THE BROMSGROVE writer of the book for the ‘Brummie musical’ Wallop Mrs Cox has written COVID-19 isolation blog from the point of view of the piece’s main character.
Wallop Mrs Cox, penned by Euan Rose in 1998, told the story of a Bull Ring market trader family as seen through the eyes of its tough Brummie matriarch, Emily Cox (nee Partridge).
Emily was born in Summer Row at the end of the First World War and was the only surviving child of seven siblings – all of the others died in outbreaks of various diseases. She married a young greengrocer Lenny Cox and together they sired a dynasty of 13 children.
The story, a tale of resilience against all odds over many decades, was spoken directly by Emily to the audience in a series of monologues. Lenny is sadly killed-in-action in the Second World War somewhere in the desert, leaving Emily to run the business and bring up the family on her own.
Her first-born son Lenny Junior also loses his life in the 1974 Birmingham Pub bombings.
Featuring memorable songs written by local songwriter Laurie Hornsby, Wallop Mrs. Cox started at the Crescent Theatre where presenter and historian Carl Chin played ‘the narrator.’
There followed two sell out runs at the Birmingham Rep featuring BBC Hereford and Worcester’s Malcolm Boyden as the third generation and grandson Lenny and then a few years later in 2010 a new version ran at the Birmingham Hippodrome featuring Ed James of Heart FM.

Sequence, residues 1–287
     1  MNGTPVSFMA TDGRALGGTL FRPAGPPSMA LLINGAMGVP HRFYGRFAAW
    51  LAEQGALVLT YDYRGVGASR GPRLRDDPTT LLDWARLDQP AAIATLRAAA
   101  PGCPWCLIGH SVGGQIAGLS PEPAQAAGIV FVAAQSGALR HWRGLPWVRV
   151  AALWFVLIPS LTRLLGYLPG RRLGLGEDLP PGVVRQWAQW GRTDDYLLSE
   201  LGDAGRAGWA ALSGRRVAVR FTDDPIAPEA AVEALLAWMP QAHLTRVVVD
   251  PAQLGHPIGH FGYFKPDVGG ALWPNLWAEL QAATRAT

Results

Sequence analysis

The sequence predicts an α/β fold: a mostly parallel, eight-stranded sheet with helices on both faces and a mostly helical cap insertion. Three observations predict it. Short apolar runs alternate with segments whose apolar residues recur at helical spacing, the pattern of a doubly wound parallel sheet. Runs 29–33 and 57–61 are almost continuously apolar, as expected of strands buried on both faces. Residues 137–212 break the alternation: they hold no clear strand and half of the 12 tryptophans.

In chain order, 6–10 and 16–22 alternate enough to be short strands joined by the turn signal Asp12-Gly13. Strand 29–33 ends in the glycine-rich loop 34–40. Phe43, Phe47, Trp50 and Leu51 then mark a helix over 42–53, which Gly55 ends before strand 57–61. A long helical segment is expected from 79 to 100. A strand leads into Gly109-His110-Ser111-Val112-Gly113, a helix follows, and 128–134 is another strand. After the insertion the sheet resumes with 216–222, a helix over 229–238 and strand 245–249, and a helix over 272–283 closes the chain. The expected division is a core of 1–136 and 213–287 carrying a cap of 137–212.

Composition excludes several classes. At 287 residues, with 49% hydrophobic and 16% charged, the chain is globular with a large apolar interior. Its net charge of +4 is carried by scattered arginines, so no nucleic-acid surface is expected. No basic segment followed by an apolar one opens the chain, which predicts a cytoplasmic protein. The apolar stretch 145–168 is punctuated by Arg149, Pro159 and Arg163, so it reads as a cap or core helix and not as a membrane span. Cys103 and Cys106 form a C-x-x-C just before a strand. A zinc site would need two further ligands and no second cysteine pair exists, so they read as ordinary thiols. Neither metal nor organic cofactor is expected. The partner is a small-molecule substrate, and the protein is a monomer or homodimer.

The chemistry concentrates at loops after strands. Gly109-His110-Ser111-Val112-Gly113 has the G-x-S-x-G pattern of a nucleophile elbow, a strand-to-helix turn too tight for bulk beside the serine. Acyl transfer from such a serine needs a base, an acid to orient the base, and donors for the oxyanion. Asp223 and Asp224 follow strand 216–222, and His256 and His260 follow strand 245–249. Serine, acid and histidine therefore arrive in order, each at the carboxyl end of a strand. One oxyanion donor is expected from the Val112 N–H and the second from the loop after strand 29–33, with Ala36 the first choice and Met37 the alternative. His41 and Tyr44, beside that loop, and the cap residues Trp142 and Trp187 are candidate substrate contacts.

Euan Rose directed the original production at the Crescent with multi award-winning director John Adams taking up the mantle for the REP and the Hippodrome. The musical director and arranger was Alan Warner. Many of the members of the huge casts have gone on to enjoy very successful careers in theatre.
Every performance from the first at the Crescent to the last at the Hippodrome sold out and always received long standing ovations from proud Brummies – The Times in its five-star review said ‘…London has ‘Me and My Girl’ Liverpool has ‘Blood Brothers’ and now Birmingham has ‘Wallop Mrs Cox…’ Never before had Birmingham received so much attention and ironically it even featured Emily having a run in with the Peaky Blinders – 15 years before they became a worldwide gangster phenomenon.
‘Wallop’ continued to be the most talked about Birmingham show over the last two decades – though it was never performed in its entirety since the Hippodrome. A concert version of it was used to open the newly-refurbished Birmingham Town Hall.
Euan wrote the story to be so relevant that Emily’s final speech is always made on the day she dies. With the challenge of Coronavirus facing us, he wondered how Emily would deal with the isolation, so has started a series of ‘blogs’ from the 101-year-old from her home in Bromsgrove where the Cox family have moved her a few years earlier.
Point blank refusing to go in a home, the centenarian shares her views on her isolation.
Click here for the first instalment.